How To Rate A Book
The most important part of any book review I write is the star rating. Regardless of how thorough and meaningful my review may be, some people won’t look any farther than the star rating. To be honest, that’s often all I look at before I read a book.
If a book has 3 or more stars, I’m generally not swayed by reviews. If it’s a lower star rating, I definitely want to know more before I take the plunge.
Ratings alone won’t keep me from a book, but if I’m already predisposed in one direction, they are often the tie breaker.
Star ratings are less subjective and thoughtful than a fully written review. I love writing reviews, and I’m certainly not saying they aren’t useful.
When I write a full review, I’m comparing it to all the other books I’ve read in my life, and calling upon all my life experience – even if it’s not a conscious effort. I assume many other reviewers do the same, therefore no two reviewers are going to be coming from exactly the same place.
Going with the 5 star rating system utilized by Goodreads, here’s what each star rating means to me:
5 stars – It was amazing – This means a book was exceptional in every aspect. It’s extremely well written, tells a phenomenal story, and is a prime example of the genre. These are books I write separate posts about, or talk about all the time, and recommend to anyone who will list.
4 stars – Really liked it – A book with this rating is still a great example of its genre. Generally there’s something lacking to prevent it to be 5 stars. Usually it’s a fantastic story with less than exceptional writing, or vice versa. Often I’ll be thinking a book is wroth 5 stars and then the ending lets me down, so it’s bumped to a 4. These are books I’ll recommend often.
3 stars – I liked it – Most books I read fall into this category. This means I found it generally good, just not exceptional in any category. This is a book I enjoyed, and might recommend, if I think it will resonate with a specific person.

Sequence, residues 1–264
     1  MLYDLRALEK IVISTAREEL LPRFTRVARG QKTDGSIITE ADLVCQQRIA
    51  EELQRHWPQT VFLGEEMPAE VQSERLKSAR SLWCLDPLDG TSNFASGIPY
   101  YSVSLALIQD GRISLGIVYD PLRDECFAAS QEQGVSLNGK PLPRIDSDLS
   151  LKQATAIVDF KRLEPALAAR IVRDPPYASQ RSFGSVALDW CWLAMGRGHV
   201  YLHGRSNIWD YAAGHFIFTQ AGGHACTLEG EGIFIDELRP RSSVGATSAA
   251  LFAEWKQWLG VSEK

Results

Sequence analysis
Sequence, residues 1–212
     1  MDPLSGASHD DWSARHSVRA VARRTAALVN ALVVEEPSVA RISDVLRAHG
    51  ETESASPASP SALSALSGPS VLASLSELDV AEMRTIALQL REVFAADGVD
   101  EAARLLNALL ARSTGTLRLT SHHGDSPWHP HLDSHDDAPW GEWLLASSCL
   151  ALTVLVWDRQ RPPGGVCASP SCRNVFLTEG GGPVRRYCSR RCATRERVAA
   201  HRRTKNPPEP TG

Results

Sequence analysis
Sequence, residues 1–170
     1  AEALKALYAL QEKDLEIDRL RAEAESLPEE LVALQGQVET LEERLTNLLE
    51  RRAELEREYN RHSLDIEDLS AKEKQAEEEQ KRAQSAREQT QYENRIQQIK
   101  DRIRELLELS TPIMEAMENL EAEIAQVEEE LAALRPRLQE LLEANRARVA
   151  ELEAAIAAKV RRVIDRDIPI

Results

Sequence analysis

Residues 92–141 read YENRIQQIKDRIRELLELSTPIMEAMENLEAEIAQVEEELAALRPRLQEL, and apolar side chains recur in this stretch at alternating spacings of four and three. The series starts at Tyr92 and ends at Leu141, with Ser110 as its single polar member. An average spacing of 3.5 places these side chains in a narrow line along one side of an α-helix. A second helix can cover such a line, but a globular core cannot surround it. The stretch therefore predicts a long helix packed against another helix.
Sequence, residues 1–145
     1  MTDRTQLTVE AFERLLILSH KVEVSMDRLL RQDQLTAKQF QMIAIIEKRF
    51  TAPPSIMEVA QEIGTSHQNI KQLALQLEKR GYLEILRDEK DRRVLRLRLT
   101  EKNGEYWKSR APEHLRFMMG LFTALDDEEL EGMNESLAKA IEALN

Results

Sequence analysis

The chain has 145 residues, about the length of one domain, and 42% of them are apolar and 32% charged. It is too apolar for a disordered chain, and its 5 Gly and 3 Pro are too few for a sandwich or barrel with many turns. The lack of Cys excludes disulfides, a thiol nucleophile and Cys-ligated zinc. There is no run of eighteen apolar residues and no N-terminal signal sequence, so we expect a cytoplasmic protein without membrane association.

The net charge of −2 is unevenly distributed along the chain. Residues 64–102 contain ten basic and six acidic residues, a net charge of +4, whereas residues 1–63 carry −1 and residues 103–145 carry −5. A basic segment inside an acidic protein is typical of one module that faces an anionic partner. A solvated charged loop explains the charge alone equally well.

2 stars – It was okay – This means I can’t quite say I liked the book, but I didn’t necessarily dislike it either. In this case, I didn’t feel any emotional connection to a book and wouldn’t recommend it.
1 star – I didn’t like it – Not many books fall into this rating. Many of the ones I choose not to finish will get one star. Usually I feel these books are poorly written.
I can’t tell you exactly how to rate a book, or write a review, since my reading history and life experience will likely vary vastly from yours. However, I hope the above can serve as guidance for recognizing where you’re “coming from” when rating a book.
I also want to stress that it’s totally okay to give a book a “bad” review. For the most part, I stay away from saying anything downright nasty about a book, and I never badmouth a writer (probably because I am one…) Giving an honest review, is not the same thing, and is not only acceptable but encouraged. Constructive criticism makes us better writers.
Does this advice for rating books resonate with you? Do you have your own criteria you use? I’d love to hear about it!